India-China DGMO hotline stuck in cold modalities
India has diplomatically rejected China’s proposal of including army representatives from both sides in the existing mechanism for resolving army-to-army issues rather than having a hotline between military operations directorates in Delhi and Beijing.delhi Updated: Nov 15, 2013 01:20 IST
India has diplomatically rejected China’s proposal of including army representatives from both sides in the existing mechanism for resolving army-to-army issues rather than having a hotline between military operations directorates in Delhi and Beijing.
Currently a joint secretary-level Working Mechanism for Consultation and Coordination on India-China Border Affairs between the two foreign ministries tackles such issues. It will meet in New Delhi next month.
South Block sources said there was no closure on proposed hotline between the two Directors General of Military Operations (DGMO) as Beijing wants Indian DGMO to be in touch with People’s Liberation Army (PLA) Headquarters of either Lanzhou or Chengdu military regions—both responsible for handling the defence of 3,488-km-long Line of Actual Control (LAC) between the two countries.
In this context, Beijing wanted a representative each from PLA and Indian Army as a deputy in the Working Mechanism and equipped with a hotline to defuse any tensions due to the disputed boundary issue.
The Indian assessment is that Chinese foreign ministry wants PLA to keep it in the loop rather than independently handling the border flare-ups directly with Indian Army. However, India has rejected this proposal and wants China to designate a senior PLA general in the Military Headquarters in Beijing to have a hotline with DGMO, Army Headquarters in Delhi.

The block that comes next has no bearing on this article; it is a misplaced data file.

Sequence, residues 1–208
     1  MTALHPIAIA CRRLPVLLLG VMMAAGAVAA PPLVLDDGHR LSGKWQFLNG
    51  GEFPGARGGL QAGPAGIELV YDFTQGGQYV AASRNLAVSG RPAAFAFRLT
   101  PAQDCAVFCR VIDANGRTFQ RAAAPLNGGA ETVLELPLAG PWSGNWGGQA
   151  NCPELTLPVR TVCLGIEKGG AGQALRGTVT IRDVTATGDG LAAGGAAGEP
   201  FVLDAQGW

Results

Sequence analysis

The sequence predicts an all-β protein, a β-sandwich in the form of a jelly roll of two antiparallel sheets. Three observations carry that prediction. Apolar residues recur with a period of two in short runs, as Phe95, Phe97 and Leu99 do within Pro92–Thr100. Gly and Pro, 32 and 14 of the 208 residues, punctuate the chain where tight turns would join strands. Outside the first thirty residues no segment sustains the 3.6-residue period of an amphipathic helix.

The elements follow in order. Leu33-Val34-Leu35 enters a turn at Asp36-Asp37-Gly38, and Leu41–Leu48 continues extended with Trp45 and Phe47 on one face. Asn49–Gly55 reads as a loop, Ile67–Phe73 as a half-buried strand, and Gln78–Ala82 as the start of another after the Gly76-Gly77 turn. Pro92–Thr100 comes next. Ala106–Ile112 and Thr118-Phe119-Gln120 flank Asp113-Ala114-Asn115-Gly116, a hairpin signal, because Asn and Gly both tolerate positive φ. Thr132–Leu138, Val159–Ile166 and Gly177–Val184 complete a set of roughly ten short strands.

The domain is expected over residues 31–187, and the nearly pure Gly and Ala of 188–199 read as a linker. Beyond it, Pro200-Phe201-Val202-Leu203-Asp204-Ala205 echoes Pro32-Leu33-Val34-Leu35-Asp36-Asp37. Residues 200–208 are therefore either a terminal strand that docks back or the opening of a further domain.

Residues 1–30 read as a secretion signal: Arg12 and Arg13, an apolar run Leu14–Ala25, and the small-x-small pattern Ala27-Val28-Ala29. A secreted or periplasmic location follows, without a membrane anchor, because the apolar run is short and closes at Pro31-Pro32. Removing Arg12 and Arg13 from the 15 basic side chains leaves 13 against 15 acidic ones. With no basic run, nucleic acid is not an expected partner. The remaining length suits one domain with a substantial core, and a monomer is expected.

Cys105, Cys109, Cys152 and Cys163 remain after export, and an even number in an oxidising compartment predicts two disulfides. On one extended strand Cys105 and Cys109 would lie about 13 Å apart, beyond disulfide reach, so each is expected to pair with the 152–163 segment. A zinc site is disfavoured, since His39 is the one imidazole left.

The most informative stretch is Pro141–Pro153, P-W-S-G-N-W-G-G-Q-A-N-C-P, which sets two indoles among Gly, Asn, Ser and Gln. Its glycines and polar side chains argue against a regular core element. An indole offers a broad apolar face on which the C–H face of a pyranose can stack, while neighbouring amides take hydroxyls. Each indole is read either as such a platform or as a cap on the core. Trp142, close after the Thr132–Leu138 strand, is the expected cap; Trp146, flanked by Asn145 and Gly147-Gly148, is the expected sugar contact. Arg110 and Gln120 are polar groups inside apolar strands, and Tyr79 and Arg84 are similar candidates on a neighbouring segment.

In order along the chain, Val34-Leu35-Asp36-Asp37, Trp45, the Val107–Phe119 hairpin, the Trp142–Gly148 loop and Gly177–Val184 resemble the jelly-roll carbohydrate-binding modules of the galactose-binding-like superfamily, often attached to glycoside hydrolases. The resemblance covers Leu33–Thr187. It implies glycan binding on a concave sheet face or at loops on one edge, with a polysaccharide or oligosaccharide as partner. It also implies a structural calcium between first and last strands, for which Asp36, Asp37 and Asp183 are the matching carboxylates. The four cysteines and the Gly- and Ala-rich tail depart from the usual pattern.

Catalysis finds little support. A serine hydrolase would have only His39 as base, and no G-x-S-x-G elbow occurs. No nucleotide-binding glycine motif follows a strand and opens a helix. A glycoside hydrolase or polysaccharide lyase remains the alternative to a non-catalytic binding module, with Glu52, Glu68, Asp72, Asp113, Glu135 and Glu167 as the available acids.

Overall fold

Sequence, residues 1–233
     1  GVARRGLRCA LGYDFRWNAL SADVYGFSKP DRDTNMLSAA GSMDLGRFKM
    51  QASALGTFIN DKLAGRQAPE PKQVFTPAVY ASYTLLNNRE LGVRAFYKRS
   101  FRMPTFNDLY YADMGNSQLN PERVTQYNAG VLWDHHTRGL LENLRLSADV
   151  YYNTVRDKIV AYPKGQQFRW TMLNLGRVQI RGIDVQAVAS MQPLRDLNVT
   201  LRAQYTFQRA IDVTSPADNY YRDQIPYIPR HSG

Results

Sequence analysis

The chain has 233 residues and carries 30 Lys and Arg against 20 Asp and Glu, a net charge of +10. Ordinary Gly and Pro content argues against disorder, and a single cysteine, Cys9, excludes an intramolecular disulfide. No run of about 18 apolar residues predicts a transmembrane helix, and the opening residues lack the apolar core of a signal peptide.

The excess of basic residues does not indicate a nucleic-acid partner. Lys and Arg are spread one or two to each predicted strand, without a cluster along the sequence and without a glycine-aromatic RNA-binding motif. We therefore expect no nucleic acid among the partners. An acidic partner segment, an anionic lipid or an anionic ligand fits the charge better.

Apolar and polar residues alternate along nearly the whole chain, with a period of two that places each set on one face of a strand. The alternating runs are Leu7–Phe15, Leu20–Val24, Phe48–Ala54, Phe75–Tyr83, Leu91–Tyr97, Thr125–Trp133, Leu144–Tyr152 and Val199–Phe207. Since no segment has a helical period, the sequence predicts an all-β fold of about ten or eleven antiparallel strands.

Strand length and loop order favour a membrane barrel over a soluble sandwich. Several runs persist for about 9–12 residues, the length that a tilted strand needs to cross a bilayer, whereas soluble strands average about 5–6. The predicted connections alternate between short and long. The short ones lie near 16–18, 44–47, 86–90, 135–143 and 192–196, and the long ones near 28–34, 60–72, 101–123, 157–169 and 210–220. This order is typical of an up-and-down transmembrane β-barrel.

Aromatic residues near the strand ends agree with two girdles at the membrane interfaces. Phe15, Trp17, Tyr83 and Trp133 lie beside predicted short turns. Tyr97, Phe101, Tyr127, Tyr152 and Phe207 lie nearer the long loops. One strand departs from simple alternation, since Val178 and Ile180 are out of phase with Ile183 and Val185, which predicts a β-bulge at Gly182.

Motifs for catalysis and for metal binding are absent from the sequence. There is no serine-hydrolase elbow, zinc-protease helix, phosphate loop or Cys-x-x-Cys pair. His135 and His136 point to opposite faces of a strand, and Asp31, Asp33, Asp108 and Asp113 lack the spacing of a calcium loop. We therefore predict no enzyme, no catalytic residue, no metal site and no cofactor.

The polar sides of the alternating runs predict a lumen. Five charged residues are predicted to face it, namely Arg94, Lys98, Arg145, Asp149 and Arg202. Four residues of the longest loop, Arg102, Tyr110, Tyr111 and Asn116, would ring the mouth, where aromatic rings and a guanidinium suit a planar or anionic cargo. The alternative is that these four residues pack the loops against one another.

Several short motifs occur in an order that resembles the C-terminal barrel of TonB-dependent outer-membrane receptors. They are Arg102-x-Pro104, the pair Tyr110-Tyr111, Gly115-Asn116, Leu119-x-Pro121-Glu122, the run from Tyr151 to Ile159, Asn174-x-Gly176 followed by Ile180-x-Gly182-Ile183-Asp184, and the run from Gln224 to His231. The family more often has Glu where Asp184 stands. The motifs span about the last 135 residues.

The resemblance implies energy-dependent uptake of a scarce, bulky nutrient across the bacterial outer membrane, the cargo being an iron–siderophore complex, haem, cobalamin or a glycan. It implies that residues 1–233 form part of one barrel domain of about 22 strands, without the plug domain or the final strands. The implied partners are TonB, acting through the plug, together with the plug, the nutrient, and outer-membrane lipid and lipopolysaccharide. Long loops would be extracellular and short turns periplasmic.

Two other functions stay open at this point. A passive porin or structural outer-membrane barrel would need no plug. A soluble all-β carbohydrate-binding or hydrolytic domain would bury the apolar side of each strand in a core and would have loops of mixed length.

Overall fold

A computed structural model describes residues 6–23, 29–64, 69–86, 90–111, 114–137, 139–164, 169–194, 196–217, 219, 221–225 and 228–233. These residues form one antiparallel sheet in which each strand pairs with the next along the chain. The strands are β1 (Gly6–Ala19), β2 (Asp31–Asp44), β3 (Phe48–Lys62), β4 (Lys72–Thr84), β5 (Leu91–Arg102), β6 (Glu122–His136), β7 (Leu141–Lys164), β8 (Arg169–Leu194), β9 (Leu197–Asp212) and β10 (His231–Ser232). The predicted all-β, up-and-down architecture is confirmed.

The counter proposal was moved as PLA does not have a position of DGMO in the Military Headquarters and each Military Region is responsible for its own operations.
While DGMO-level hotline is work in progress, the opening of a new border personnel meeting point in Kibuthu has run into logistics problems, with PLA wanting to shift the flag meeting point away from Bum La in Arunachal Pradesh due to distances and forces involved. Both these issues will be discussed in the next meeting of the Working Mechanism.
While India and China have signed an MoU on trans-border rivers during PM Manmohan Singh’s trip last month, already there are grumblings within ministry of water resources over the agreement.
All the new MoU does is extend the date of China handing over Brahamputra river hydrological data for another 15 days.
Instead of China sharing Brahmaputra data from June 1 to October 15, the MoU extends it to May 15 instead of June 1.
Water resources ministry officials say that India had to contend with 15 more days of data despite logical demands that Beijing should share Brahmaputra historical water flow data, standardise the water measurement levels between the two countries, expand the number of days for giving hydrological data and include Sutlej river, which rises in Tibet, in the new MoU.